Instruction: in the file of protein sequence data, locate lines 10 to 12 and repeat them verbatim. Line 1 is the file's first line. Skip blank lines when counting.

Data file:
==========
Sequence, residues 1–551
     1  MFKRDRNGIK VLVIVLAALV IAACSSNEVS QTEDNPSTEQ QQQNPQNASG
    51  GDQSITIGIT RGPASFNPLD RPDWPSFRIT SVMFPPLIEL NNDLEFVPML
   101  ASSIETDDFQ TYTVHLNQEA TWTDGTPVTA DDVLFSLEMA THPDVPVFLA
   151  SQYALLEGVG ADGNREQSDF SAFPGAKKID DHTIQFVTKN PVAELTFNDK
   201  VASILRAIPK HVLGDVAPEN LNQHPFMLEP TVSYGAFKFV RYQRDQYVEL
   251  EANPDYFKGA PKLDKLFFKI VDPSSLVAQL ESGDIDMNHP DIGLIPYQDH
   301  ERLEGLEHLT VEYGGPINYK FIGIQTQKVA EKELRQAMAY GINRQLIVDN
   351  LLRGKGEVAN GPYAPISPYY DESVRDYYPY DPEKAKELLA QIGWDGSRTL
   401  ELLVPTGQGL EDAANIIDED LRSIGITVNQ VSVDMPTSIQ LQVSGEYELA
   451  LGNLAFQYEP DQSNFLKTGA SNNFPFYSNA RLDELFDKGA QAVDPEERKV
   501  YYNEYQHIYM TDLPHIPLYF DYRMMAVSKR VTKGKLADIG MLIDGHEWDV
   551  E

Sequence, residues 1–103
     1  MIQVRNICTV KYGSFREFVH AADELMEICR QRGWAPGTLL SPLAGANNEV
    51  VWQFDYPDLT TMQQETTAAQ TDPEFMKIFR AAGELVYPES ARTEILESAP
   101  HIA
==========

   401  ELLVPTGQGL EDAANIIDED LRSIGITVNQ VSVDMPTSIQ LQVSGEYELA
   451  LGNLAFQYEP DQSNFLKTGA SNNFPFYSNA RLDELFDKGA QAVDPEERKV
   501  YYNEYQHIYM TDLPHIPLYF DYRMMAVSKR VTKGKLADIG MLIDGHEWDV